Anjana Gamit from Gujarat began oyster mushroom cultivation three years ago and her profits have increased by 40% since then
If you ever plan any kind of cultivation at home or in your backyard, opt for organic oyster mushrooms as they require less space, time, water and investment. And they will give you a high yield, says Anjana Gamit, a civil engineer from Gujarat’s Tapi district.
Now, you might wonder how an engineer, who also handles her small construction venture, is so confident about growing mushrooms?
Well, to begin with, she has three years of experience, and last year she made a profit of more than Rs 2 Lakh. Not just that, despite a negligible demand for the protein-rich food in her area, she has managed to create her market of potential buyers.
“Not many people in our region are aware of the benefits of mushroom and they often associate it with something that grows during monsoons like algae. Contrary to belief, they are super-nutritious, natural sources of Vitamin D and they also contain antioxidants,” Anjana tells The Better India.
Anjana underwent a 4-day training on mushroom cultivation called ‘Entrepreneurship development through Mushroom Cultivation” at Krishi Vigyan Kendra (KVK). In return, she received raw materials like spawn (mushroom seed) and polythene bags.
The experts at KVK also helped her set up and provided her technical guidance in the initial days.
“KVK has always promoted the concept of organic farming among farmers and regular citizens who wish to grow at a small scale. Through our workshops, we assure people that farming is not rocket science. It requires some expertise and maintenance but that can be acquired with the right guidance. The key reasons for Anjana’s success are her interest and curiosity towards farming. We hope more women like her come forward and learn basic cultivation, if not for selling then at least self-sufficiency,” Sachin Chavan, Scientist (Plant Protection) at KVK tells The Better India.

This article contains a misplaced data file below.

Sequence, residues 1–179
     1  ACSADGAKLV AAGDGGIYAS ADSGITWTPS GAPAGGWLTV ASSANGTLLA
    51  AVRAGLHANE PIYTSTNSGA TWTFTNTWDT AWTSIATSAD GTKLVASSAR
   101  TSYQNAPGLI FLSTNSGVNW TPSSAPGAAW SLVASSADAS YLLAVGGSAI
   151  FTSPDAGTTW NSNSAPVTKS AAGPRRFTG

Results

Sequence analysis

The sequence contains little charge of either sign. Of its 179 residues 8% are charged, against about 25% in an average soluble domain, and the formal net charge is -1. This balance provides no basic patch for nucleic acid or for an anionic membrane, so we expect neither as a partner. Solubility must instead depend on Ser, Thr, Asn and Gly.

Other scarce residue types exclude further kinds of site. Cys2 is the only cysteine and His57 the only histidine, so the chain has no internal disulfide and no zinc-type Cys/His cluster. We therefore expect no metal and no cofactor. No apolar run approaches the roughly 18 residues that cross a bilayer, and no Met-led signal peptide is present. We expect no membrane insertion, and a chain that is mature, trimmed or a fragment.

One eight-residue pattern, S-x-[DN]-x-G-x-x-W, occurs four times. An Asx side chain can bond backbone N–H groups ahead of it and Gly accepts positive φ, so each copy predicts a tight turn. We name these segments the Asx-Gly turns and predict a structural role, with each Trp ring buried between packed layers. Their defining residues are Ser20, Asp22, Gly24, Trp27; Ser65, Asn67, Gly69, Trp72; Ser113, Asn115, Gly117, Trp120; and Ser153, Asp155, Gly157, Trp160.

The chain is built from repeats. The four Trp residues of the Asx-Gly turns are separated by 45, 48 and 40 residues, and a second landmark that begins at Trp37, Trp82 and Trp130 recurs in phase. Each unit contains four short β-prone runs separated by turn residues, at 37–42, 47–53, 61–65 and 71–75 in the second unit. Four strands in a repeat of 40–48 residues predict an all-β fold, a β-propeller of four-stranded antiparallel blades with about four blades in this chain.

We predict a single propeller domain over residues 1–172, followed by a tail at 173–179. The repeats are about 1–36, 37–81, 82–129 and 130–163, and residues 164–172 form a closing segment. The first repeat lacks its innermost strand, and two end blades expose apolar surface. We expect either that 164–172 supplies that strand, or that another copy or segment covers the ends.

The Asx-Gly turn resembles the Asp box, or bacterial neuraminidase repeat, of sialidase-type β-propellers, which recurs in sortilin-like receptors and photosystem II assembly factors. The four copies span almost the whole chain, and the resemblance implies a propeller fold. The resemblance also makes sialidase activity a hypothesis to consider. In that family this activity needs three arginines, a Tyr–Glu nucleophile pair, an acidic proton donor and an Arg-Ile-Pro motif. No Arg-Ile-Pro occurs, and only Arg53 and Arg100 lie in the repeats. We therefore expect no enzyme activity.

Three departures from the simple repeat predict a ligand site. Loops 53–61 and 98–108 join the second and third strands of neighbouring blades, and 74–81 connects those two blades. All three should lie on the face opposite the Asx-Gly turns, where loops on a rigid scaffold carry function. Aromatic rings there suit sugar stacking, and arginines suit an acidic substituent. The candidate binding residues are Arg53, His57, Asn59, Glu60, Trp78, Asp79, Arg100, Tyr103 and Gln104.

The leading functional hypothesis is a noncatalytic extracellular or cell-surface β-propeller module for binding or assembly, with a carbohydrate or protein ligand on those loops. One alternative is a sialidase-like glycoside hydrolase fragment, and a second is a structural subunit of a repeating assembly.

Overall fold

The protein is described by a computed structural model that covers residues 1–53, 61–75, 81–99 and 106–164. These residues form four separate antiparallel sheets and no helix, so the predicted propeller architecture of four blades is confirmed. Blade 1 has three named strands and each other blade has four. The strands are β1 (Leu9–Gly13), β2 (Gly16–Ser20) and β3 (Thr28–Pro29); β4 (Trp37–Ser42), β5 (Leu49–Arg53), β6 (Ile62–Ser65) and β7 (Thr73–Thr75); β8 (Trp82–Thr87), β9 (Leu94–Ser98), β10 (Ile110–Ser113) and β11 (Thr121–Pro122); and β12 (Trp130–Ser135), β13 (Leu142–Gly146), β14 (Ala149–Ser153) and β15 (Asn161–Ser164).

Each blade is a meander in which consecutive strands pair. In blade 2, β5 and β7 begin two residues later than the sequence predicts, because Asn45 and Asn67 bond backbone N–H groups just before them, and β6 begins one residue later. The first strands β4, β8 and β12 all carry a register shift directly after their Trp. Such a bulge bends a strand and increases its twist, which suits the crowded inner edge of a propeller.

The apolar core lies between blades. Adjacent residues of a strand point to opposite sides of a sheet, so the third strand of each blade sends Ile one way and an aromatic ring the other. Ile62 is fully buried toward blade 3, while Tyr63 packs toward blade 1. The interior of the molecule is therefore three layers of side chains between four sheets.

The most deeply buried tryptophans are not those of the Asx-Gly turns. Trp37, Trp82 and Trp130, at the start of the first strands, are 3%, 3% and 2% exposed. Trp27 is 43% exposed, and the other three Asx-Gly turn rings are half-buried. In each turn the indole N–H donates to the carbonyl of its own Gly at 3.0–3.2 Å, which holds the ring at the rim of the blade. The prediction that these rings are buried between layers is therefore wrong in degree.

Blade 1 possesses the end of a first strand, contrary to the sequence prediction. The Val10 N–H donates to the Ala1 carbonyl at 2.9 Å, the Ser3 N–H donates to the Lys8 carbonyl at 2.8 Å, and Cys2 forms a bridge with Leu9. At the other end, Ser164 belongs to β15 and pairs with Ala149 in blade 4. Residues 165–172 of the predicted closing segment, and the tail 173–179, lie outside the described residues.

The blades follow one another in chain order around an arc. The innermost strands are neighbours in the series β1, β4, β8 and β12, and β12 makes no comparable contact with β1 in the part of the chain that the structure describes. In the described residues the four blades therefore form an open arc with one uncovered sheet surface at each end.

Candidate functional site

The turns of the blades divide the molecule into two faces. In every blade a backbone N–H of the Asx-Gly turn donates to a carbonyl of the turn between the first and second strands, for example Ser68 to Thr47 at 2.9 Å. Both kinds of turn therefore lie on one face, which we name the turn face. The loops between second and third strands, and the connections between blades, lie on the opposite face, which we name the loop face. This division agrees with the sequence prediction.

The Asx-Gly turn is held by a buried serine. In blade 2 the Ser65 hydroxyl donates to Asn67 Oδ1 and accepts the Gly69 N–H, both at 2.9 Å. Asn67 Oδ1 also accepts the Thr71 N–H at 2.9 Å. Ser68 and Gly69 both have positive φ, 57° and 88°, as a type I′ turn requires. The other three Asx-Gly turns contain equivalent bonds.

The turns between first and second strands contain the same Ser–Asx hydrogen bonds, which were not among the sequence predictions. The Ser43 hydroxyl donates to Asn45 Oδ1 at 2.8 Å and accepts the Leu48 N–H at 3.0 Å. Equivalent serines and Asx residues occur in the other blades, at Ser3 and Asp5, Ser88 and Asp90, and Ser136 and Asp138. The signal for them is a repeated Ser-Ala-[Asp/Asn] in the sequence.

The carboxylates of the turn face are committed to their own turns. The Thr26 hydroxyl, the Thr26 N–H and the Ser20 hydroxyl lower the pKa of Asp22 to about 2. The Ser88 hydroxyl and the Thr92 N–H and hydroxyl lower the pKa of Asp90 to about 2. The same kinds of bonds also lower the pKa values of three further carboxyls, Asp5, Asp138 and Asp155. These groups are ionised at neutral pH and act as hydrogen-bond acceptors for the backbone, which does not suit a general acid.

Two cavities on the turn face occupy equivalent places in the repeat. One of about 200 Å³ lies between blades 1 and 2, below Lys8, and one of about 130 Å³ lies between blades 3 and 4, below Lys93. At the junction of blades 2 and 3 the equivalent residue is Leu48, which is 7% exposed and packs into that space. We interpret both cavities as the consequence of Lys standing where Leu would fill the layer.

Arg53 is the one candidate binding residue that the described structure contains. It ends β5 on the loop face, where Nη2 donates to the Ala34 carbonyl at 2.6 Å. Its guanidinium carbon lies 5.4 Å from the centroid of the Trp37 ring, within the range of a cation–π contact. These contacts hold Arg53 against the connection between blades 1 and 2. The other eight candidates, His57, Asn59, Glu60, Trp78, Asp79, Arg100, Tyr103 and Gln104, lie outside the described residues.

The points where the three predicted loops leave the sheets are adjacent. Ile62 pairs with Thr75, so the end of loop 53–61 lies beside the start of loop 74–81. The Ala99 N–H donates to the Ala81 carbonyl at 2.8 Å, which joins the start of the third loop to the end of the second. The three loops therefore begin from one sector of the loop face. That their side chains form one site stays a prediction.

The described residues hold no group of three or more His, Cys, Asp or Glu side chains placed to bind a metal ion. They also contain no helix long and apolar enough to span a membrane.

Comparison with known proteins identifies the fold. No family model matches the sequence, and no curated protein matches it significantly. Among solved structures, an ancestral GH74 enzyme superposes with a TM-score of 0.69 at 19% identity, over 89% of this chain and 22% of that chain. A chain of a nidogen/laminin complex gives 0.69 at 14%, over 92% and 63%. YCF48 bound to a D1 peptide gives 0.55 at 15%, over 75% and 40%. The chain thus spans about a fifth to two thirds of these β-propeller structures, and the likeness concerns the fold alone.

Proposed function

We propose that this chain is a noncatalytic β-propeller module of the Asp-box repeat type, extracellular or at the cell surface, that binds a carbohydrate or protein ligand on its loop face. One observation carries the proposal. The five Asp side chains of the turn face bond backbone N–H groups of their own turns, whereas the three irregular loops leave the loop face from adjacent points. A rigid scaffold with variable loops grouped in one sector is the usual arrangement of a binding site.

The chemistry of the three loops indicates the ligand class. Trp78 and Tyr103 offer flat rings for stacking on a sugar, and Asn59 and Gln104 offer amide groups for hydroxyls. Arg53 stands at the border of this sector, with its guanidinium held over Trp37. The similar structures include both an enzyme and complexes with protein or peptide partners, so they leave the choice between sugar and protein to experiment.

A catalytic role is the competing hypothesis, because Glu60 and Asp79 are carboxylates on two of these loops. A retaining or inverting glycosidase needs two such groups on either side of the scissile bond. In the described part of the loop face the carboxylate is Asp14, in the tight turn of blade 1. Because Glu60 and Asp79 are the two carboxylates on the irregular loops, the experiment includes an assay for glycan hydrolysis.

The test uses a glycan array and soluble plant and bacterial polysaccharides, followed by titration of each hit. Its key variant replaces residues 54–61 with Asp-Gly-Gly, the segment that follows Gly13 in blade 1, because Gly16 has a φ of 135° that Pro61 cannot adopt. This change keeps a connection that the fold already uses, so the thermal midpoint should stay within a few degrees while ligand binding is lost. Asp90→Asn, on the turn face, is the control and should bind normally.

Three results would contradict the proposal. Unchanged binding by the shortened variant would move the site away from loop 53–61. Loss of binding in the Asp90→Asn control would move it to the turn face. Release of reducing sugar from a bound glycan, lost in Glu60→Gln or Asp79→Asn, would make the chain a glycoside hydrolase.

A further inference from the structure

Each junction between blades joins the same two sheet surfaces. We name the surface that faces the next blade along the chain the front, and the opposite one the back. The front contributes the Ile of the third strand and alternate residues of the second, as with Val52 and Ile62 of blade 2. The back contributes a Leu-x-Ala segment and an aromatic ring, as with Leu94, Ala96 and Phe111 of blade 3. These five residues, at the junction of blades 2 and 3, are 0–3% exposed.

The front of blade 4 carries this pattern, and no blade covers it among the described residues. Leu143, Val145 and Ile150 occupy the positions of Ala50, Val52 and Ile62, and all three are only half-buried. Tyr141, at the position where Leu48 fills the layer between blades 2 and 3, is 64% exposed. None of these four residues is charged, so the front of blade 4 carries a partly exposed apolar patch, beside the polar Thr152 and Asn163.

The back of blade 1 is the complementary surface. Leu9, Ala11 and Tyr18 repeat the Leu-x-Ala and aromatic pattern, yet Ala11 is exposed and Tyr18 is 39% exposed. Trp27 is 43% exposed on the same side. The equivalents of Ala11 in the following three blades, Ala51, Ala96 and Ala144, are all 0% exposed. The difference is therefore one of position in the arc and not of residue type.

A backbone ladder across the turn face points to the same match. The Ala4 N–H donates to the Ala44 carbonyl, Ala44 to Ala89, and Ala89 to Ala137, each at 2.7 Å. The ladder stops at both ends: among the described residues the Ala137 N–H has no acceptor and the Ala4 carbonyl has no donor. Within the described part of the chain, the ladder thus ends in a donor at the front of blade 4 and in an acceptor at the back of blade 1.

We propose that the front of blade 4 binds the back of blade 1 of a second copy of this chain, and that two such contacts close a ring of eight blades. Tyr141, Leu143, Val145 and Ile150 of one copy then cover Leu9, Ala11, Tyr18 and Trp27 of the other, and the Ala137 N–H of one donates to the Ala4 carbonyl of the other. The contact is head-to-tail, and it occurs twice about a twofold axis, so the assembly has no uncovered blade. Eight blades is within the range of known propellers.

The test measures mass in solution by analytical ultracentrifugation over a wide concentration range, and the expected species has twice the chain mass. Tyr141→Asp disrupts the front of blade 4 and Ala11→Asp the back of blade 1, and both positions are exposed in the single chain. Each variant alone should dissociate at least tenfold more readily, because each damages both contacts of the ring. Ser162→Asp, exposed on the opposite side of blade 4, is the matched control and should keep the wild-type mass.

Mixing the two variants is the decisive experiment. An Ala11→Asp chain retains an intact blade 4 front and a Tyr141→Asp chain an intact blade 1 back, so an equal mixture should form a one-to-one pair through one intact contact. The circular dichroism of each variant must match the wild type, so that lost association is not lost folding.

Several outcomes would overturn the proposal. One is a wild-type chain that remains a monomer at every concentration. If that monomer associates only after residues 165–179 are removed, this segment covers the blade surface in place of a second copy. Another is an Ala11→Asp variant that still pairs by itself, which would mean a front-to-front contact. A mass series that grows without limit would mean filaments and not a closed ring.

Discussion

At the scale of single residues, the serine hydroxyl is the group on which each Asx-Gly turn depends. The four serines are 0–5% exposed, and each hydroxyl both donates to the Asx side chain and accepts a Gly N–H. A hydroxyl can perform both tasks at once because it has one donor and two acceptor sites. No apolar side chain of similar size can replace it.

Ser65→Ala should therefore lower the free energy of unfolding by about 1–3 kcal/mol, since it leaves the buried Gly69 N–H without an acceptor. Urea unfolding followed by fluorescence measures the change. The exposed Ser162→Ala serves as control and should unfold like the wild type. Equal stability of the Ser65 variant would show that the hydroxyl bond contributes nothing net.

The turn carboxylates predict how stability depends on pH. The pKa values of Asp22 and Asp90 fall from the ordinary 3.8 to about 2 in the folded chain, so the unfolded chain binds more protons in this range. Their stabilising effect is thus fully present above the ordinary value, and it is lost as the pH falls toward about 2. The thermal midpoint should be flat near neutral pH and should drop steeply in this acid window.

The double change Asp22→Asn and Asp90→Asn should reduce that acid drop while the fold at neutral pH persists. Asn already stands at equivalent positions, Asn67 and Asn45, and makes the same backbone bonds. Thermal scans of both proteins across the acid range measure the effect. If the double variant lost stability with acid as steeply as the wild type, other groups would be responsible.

A Hassle-Free Method
Anjana began her cultivation in a 10×10-foot area of her parking shed and enclosed it with green shade net and bamboo. She harvested around 140 kilos and fetched Rs 30,000 within two months.
Explaining the process, Anjana says,
- Soak the straw in water for five hours to soften it and remove the dirt
- Sterilise the straw in a steamer at a temperature of about a 100 degrees (Alternatively, you can get this temperature in your geyser)
- Keep the straw for cooling in the water at normal temperature and cover it with a banket or thermocol
- Dry the straw overnight
- Mix the straw with seeds and keep them in an air-tight polythene bag and leave it for 18 days
- Once the mushrooms start sprouting tear the bag and carefully remove each mushroom from its roots.
“The entire process takes around 25 days. Ten kilos of spawn can give up to 45 kilos of mushrooms. While the process might seem easy, it is no mean feat as one has to be careful about the temperature, humidity, contamination and quality of seeds. For the first couple of tries, 80 per cent of my cultivation was wasted,” says Anjana.
To overcome, contamination problem, she uses neem oil and to prevent humidity from spoiling the spawns, she uses an extra layer of coverage on the green shade net. She moistens the curtains and hangs over on all four sides of the shed.
With time and experience, Anjana expanded her cultivation and gradually converted her entire parking shed (25×45 ft). At present, she has 350 cultivation bags of mushrooms.
For beginners who wish to start mushroom farming at home, Anjana says a minimum area of 10×10 ft and investment of Rs 400 is required. One can acquire raw materials from a nursery or horticulture centre.
“Start with a kilo of mushrooms for which you will need half a kilo straw (wheat or paddy) and 50 grams of mushroom seeds. The daily water requirement will be around five litres. For those who are not sure about the temperature, purchase a thermometer. Finally, get plastic bags and a bucket.”
As for marketing of mushrooms, Anjana has tied up with Anganwadi workers and local retail shopkeepers who not only further sell them but also educate people about the health benefits and burst myths like it is non-vegetarian or poisonous.
“It took some time to educate the vendors and customers but now I am planning to make value-added products from mushrooms like chips, pickles, powder, etc. so to make the selling easier,” she adds.
(Edited by Vinayak Hegde)